Kashmiris change their demands quite often. Thus goes a perception amongst a section of people. It's not what we think about ourselves, it's what others too think about us. In the wake of cooking gas crisis, the debate is reborn. Kashmiris, they say, don't want freedom. Instead, they want LPG.
It is surprising to see some Delhi-based analysts making a bizarre comparison between an instant workaday need and a long held political aspiration. As if the two are mutually replaceable. It's like making a choice between water and air and asking us which one of the two do we need? Political demands are always the outcome of a situation rooted in the history of a people. They sometimes get suppressed and some other times spring up with an unexpected force. Nations do fight for their political rights against all odds, but that never means they forget to live. Extracting huge conclusions from something that is indisputably mundane makes the very thinking of an analyst even less than ordinary. If LPG attracts more clientele than any other slogan of the time, it's simply because life needs it. Once done with it, life will need more. Pitting this practical need against emotional, cultural or ideological desires of people makes the very premise fundamentally fallacious. An ailing man sure needs medicine first. We can't feed him with emotions of liberation to get him back to life. But once he does, he reclaims his right. Regaining life doesn't mean for him restoration of senses only, but restoration of sensibilities and sentiments too. The political in him (which seems to be dead with a dying body) is reborn. So to finally finish the whole story of a people by making wishful interpretations has always been misleading. It holds good on both sides. One successful shutdown call must not make us divert the whole traffic of emotions towards us. Or one protest taken out in my faovur is certainly not an `evidence' in favour of my ideology and vindication of my stand.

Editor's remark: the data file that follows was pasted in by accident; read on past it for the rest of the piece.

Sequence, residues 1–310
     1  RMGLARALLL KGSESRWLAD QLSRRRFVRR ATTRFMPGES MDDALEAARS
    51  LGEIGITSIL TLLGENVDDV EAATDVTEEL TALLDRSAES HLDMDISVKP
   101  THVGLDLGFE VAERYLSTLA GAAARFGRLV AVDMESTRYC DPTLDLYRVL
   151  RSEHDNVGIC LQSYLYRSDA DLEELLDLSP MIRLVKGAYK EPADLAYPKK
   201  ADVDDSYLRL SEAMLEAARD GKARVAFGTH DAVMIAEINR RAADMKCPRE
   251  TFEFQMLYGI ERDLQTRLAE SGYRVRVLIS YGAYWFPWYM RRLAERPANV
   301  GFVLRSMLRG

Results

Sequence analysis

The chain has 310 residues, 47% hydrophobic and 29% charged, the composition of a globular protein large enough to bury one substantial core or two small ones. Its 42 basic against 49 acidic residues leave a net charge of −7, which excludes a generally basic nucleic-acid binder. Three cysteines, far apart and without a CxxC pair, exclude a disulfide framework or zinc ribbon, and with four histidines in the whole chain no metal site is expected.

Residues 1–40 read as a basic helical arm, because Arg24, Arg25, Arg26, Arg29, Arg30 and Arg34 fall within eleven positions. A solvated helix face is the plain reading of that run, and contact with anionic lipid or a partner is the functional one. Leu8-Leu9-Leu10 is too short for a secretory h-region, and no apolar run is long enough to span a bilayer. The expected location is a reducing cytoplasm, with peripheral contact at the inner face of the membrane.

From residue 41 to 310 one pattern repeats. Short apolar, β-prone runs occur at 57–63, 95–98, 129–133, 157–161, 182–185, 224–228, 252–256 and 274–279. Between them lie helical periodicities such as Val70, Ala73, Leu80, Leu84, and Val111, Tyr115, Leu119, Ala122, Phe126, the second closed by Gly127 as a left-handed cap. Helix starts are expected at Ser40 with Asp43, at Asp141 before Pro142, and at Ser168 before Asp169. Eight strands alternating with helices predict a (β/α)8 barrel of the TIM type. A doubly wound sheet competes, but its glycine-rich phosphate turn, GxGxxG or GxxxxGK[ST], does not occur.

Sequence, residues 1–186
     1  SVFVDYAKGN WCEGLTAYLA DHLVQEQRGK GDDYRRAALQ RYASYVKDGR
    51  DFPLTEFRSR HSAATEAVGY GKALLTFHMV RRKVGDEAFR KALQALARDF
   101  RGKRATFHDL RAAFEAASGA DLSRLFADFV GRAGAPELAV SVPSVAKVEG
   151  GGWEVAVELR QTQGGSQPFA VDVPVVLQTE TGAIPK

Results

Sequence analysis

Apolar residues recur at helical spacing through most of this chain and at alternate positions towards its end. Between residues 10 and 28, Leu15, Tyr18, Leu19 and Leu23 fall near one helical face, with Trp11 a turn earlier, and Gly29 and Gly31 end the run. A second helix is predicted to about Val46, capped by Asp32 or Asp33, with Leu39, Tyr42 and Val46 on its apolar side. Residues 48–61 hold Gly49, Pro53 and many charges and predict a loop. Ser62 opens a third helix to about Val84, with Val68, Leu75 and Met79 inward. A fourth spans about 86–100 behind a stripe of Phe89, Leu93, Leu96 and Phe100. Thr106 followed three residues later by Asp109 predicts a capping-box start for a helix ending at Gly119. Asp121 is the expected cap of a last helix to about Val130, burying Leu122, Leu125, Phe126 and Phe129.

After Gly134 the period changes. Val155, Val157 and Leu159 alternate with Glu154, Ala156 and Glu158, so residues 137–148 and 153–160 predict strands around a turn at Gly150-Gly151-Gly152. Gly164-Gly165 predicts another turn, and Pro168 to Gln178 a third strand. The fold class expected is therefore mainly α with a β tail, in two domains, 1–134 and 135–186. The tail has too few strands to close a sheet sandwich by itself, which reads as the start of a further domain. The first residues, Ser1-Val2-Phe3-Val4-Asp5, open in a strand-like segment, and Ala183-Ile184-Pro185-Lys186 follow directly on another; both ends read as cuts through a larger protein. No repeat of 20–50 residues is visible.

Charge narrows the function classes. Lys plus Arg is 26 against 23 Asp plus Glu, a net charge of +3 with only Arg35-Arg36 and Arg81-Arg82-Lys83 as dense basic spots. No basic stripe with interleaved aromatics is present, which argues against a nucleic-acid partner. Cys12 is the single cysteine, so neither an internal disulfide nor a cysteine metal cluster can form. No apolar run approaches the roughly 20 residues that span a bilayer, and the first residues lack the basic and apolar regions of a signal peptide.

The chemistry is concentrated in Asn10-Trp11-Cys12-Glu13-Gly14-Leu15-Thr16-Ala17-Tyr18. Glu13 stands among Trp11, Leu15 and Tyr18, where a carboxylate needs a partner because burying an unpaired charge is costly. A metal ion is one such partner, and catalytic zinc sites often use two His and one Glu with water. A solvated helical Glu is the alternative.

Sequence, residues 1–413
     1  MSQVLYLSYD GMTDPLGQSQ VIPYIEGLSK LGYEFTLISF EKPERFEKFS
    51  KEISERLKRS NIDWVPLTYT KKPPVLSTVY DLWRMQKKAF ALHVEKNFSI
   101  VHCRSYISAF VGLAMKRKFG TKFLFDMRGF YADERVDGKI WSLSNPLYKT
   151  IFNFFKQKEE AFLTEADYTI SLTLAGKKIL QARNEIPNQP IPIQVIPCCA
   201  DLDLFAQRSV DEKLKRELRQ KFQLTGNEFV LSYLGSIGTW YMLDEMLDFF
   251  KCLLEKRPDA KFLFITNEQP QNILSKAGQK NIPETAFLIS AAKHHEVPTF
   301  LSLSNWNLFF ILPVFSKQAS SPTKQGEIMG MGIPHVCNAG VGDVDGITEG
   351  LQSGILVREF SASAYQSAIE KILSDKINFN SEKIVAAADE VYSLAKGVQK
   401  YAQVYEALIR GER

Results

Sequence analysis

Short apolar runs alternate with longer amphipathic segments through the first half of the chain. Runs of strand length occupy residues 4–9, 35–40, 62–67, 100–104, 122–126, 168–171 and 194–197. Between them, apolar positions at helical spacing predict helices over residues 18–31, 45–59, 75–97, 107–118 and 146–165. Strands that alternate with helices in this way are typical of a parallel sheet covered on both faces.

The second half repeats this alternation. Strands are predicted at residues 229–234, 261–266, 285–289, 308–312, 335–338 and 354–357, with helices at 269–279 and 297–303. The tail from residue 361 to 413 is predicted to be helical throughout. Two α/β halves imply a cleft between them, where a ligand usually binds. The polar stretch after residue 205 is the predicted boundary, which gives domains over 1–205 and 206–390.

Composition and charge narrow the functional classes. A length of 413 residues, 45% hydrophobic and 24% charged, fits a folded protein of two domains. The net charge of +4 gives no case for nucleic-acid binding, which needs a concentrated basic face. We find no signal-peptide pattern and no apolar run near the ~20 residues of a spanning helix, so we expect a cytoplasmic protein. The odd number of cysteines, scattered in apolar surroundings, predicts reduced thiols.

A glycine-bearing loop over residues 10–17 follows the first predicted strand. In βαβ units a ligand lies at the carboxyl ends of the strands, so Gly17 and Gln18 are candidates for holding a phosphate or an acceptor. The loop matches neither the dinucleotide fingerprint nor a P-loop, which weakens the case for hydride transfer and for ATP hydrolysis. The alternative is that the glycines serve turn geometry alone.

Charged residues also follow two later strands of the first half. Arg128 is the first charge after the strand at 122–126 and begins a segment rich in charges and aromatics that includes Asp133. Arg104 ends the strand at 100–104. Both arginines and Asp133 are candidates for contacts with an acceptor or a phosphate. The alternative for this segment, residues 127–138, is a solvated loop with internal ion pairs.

The problem with us is a convenient classification of things into `ours' and `theirs'. We tend to make our own stories forgetting that no story is complete, no plot finished.
Asked as to what does he want. LPG or Azaadi, my cousin replied pat. `Both'. Then added a third one. To him LPG means three things, Liberation, Petroleum and Gas. The first for my soul, the second for my car and the third for my home.